How can I run a command periodically and indefinitely till it’s turned off? Code Answer

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I want to run a command every several minutes until I turn it off.

After some searching, I found lots of ways of doing the first half (running a command periodically and indefinitely), what about I want to turn it off?

By “turn it off” probably I mean “turn it off using another shell command”.

Just to clarify want I really want to do, actually I want to run a Python program P periodically until I give some command to stop it.
And just in case that P happens to be running while I’m giving out the stop command, I want it to finish the current run first, and then not to run ever since.


You have two options: Modify the Python script, or write a shell script wrapper.

To modify the Python script:

  1. You should loop around what it is you want to be doing.

  2. Install a signal handler to catch the INT signal (sent by CtrlC) and TERM signal (sent by plain kill). When the signal is caught, set a variable telling the Python script that it should no longer loop. I’m not familiar enough with with Python to be able to tell you how to do this.

Alternative solution: Shell script wrapper, which does the same as the above, but outside the Python script:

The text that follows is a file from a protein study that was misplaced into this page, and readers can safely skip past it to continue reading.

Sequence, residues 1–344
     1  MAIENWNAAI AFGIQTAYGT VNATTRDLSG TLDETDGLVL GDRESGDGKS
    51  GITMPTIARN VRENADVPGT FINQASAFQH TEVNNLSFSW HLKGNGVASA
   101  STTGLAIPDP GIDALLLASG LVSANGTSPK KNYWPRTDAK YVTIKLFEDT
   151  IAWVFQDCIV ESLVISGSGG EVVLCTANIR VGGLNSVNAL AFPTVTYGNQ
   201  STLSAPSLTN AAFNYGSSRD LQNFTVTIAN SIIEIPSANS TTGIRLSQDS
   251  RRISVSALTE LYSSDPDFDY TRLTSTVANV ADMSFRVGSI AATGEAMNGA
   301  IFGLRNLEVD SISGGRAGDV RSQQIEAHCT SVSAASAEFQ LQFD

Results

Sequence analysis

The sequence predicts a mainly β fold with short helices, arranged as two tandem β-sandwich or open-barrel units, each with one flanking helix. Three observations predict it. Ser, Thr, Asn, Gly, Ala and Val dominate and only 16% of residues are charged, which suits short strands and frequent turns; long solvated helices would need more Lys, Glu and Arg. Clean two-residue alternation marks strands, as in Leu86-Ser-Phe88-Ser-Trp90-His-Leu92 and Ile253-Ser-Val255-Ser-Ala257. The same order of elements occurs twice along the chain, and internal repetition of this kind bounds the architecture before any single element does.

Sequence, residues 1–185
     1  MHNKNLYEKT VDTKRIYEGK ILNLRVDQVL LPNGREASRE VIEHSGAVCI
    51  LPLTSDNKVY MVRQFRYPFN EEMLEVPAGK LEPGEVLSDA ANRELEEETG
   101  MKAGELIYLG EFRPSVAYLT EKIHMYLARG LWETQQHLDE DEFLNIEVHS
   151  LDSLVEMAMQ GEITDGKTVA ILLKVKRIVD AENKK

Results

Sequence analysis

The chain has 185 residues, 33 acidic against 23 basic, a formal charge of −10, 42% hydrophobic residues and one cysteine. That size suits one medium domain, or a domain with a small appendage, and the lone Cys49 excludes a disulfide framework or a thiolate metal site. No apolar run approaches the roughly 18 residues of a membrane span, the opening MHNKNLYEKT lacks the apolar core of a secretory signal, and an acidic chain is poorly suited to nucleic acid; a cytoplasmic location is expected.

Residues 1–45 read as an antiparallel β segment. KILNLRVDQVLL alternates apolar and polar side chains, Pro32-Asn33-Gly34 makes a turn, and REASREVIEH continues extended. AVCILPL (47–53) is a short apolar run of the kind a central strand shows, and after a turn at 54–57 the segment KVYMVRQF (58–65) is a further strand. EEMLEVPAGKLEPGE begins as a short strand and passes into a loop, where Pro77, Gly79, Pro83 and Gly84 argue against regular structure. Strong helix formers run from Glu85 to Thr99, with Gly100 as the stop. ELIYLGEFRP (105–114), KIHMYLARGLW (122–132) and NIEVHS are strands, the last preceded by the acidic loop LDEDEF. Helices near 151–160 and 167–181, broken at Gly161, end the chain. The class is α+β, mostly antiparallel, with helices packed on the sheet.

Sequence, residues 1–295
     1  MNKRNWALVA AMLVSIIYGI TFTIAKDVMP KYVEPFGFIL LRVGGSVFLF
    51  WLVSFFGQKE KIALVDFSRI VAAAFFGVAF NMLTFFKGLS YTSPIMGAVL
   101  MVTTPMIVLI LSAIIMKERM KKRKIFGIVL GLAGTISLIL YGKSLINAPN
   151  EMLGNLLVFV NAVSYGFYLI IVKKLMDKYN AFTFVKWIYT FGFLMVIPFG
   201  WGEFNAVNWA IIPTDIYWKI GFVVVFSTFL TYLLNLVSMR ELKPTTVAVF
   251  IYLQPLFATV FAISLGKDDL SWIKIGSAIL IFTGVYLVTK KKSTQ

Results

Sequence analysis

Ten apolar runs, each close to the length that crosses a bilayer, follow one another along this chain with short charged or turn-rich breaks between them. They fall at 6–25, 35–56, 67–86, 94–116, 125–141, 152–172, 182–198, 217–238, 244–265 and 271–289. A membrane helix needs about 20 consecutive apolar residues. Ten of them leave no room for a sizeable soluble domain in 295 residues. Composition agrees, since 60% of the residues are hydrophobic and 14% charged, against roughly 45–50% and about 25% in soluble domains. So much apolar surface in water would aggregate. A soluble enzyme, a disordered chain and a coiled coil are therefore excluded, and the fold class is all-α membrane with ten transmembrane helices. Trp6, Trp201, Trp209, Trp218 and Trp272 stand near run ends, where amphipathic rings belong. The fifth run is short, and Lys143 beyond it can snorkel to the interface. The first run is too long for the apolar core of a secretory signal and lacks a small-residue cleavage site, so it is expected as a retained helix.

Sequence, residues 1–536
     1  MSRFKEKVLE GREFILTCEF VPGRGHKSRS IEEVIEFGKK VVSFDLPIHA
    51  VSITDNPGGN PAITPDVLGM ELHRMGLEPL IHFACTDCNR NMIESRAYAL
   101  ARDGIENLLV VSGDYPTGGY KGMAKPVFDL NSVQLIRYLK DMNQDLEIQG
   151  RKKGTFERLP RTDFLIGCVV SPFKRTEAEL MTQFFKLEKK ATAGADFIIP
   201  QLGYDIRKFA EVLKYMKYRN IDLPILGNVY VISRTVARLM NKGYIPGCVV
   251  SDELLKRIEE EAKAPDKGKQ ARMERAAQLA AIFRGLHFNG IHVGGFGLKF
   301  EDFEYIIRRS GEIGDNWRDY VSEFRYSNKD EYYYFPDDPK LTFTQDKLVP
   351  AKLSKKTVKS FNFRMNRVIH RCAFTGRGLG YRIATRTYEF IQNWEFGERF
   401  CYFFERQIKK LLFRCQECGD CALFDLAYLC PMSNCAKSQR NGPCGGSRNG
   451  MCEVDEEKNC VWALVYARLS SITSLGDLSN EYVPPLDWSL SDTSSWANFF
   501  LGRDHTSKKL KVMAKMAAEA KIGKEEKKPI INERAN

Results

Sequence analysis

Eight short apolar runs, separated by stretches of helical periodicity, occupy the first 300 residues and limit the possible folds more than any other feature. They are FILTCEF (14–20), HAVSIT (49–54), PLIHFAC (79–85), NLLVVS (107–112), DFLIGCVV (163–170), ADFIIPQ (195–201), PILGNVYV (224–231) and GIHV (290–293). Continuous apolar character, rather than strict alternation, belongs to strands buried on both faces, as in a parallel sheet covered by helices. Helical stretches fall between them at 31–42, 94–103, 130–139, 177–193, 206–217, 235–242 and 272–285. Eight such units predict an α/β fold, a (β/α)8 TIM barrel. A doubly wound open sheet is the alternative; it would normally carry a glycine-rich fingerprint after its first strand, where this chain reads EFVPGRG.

trap 'loop_again=0;wait' INT TERM

while (( loop_again )); do
    echo "Kill me with 'kill -9 $$'"
    ./python_script &
    echo "Kill the Python script with 'kill $!'"

This wrapper script starts your Python script in the background, and then waits for it to finish. It then restarts it, indefinitely. It also tells you how to terminate it and the Python script in each iteration.

If you kill the script (using plain kill, not kill -9), or press CtrlC, the loop_again variable is set to zero (which will cause the loop to terminate at the end of the current iteration), and then it waits for the currently running background process to finish before exiting.

If you kill the wrapper script with kill -9 (which is the same as kill -s KILL, sending a KILL signal that can’t be ignored or caught by a signal handler), it will exit, leaving your Python script running in the background until it finishes by itself.

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